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Umbra Vitae - Shadow of Life (Album Review)

Wednesday, 29 April 2020 Written by Matt Mills

Supergroups. For every Audioslave, there’s a Brides of Destruction. For every Velvet Revolver, there’s a Rock Star Supernova. For every the Damned Things, there’s…almost any other Scott Ian side project.

The point is, despite the enormity of the talent they have on paper, all-star collaborations are rarely a guarantee of quality. Luckily, Umbra Vitae have an ace up their sleeve, elevating them above the likes of Damnocracy and SuperHeavy: Jacob Bannon.

Bannon has served as the frontman of hardcore heroes Converge for 30 years, and outside of his day job he doubles as a beloved renaissance man.

He’s started an experimental group called Wear Your Wounds, written books, designed album art and founded his own record label. All of this successful horizon-pushing makes the singer’s brand new foray into death metal feel rather promising.

Joining Bannon in Umbra Vitae’s morbid crusade are his Wear Your Wounds bandmates, guitarists Sean Martin (ex-Hatebreed) and Mike McKenzie, alongside bassist Greg Weeks and ex-Job for a Cowboy drummer Jon Rice. This five-way union has resulted in the brilliantly erratic ‘Shadow of Life’.

Produced by Converge guitarist Kurt Ballou, Umbra Vitae’s debut seethes with punk-tinged nastiness. Each of its 10 tracks boast the concise, to-the-point aggravation of hardcore. Not one of them extends beyond the four minute mark, the intensity never dares to drop, and Ballou’s engineering is as gritty and hard-edged as they come. 

Yet, that skeleton is always built upon with the irrefutable musicianship and mangled diversity of heavy metal. Opening cut Ethereal Emptiness is lightning-fast grindcore that’s embellished by its incessant blast beats. The following Atheist Aesthetic is more groove-oriented but no less malevolent, marching forth with stomps that land powerfully. On Fear is a Fossil, Bannon belts out a low, guttural roar that is the polar opposite of the tortured, high-pitched yelling of the manic Return to Zero.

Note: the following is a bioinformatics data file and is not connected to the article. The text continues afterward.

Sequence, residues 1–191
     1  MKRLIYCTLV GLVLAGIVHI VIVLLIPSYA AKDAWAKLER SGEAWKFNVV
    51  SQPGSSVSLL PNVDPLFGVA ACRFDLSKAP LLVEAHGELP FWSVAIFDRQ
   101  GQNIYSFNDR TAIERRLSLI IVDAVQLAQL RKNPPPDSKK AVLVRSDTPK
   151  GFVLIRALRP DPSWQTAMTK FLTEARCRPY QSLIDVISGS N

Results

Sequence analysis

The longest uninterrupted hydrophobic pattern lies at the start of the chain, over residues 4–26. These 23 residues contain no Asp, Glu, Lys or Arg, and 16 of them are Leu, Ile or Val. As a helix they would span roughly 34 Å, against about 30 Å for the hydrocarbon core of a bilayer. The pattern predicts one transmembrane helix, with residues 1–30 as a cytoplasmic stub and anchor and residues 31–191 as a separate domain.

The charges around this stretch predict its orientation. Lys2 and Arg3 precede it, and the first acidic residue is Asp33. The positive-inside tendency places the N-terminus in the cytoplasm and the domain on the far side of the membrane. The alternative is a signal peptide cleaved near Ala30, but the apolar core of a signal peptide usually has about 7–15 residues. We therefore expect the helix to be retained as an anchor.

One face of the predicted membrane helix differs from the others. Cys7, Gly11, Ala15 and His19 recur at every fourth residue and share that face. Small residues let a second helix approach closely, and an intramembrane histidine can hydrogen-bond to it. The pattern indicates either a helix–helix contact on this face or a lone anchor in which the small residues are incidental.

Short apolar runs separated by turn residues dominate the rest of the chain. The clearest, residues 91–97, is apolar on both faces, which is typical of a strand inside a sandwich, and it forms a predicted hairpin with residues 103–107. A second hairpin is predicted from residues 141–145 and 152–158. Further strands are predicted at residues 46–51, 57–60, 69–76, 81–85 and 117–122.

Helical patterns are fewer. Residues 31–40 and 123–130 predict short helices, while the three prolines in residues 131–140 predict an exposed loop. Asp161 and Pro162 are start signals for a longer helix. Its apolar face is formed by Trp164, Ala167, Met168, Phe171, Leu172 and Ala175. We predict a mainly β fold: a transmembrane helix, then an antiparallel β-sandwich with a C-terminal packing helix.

Equally brutal yet fascinating are Martin and McKenzie’s riffs, which bubble and evolve as ‘Shadow of Life’ unfolds. What start as slyly melodic, Deicide-like licks ultimately finish with the overt, sweltering proficiency of ‘Heartwork’-era Carcass. Nowhere is this more apparent than on the conclusion to the standout title track, where engrossing, harmonic lead guitar work provides a counterpoint to predacious screams.

Umbra Vitae make hardcore-inclined death metal of such hunger and ferocity that it belies the age of the men behind it. Rather than being comparable to bands like Converge or Job for a Cowboy, the quintet’s first full-length has more in common with the volatile drive of Venom Prison and Cult Leader. While most supergroups strive to retread their genre’s past glories, Umbra Vitae appear capable of keeping up with the current generation of sonic extremists.

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